If you’ve experienced preeclampsia with prior pregnancies or have delivered a premature baby in the past, and you plan on becoming pregnant again, be sure to brush up on your dental health. Getting screened for periodontal disease symptoms while you’re trying to conceive and early on during your pregnancy can help you improve your overall immunity and prenatal health. Yes, it’s completely safe to get gum treatments during pregnancy; especially when you consider the risk of not getting them at all.

Stillbirth — Approximately 10-25% of all stillbirths are linked to scenarios where the mother has some other type of co-existing infection during her pregnancy. Unfortunately, there are also clinical studies that show the same bacteria associated with dental infections (such as periodontitis) are also found within the placenta in instances of stillbirths.

Since we know oral bacteria can travel through the cardiovascular system, the placenta, and umbilical cord, fetuses are not immune to the risk of bacterial spread. Although these findings are devastating, they provide some insight in regard to promoting healthier pregnancy and reducing the rates of stillbirths in the future. If the threat of preeclampsia or going into labor prematurely was not already a concern, helping expectant mothers avoid the potential loss of their unborn child is reason enough to address chronic oral infections. Thankfully, through good preventative home care and working with a Conroe periodontist like Dr. Saunders, periodontitis is treatable before and during pregnancy. It’s best to not overlook dental concerns until after you’ve given birth, especially if chronic inflammation and bleeding are both present.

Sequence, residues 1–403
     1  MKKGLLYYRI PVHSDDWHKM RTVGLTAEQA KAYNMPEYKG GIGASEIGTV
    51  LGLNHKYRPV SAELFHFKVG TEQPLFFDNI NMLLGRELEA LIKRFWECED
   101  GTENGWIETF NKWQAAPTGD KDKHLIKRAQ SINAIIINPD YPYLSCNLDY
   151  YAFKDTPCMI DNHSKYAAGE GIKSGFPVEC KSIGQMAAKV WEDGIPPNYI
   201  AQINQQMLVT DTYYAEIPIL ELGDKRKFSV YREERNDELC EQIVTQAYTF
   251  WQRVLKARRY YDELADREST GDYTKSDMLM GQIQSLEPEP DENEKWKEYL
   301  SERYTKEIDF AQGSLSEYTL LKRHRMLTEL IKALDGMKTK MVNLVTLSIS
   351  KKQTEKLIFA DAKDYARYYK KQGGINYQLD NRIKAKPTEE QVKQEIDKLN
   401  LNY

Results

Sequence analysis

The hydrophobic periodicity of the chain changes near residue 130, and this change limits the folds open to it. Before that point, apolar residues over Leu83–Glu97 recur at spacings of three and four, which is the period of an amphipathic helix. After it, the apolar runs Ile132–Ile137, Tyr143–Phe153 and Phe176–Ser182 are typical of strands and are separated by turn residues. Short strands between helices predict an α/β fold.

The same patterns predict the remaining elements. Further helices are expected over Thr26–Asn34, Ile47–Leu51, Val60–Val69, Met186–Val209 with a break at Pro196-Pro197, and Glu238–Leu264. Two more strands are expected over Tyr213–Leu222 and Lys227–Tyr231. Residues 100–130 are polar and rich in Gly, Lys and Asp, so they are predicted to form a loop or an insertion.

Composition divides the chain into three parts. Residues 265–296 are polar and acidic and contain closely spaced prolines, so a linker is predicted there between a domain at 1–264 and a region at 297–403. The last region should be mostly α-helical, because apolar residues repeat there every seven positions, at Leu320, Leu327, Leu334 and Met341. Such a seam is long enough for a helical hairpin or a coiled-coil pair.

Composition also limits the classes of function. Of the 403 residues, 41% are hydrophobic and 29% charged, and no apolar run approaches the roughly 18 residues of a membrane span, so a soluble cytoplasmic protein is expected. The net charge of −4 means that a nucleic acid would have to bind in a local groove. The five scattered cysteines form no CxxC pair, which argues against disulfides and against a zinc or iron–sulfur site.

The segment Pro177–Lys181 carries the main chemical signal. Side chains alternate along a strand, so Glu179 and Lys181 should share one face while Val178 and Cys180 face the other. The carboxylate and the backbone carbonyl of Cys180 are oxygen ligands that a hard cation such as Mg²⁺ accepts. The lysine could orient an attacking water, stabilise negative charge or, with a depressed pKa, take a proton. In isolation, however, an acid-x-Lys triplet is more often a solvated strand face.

Erectile Dysfunction — Men are not immune to the reproductive side-effects of periodontal infections. While most men probably won’t bring the topic up during a dental exam, we do know that there is significant clinical research showing the direct relationship between gum disease and the severity of ED.

Periodontal disease statistically raises inflammation throughout the body. And when inflammation and immune strain are present, treating ED becomes a bit of an uphill battle. Reducing and eliminating the source of infection causing the inflammation should be part of the overall care plan.

If you’re a man who struggles with ED or are not seeing a response to medical treatments and medication, take a look at your mouth. How healthy (or unhealthy, that is) are your gums? If there is inflammation, bleeding, gum recession, and tartar buildup, treating your oral disease should be considered as a co-management approach to battling ED symptoms.

Gum Health Expert in The Woodlands

A healthy smile is one of the best ways to improve your overall wellness. If you have symptoms of gum disease — such as bleeding or swollen gums, gum recession, and bad breath — it’s time to talk to a specialist. Dr. Kip Saunders is one of the most experienced periodontists in The Woodlands, Conroe, and greater North Houston area. Contact us today to reserve your first appointment with us.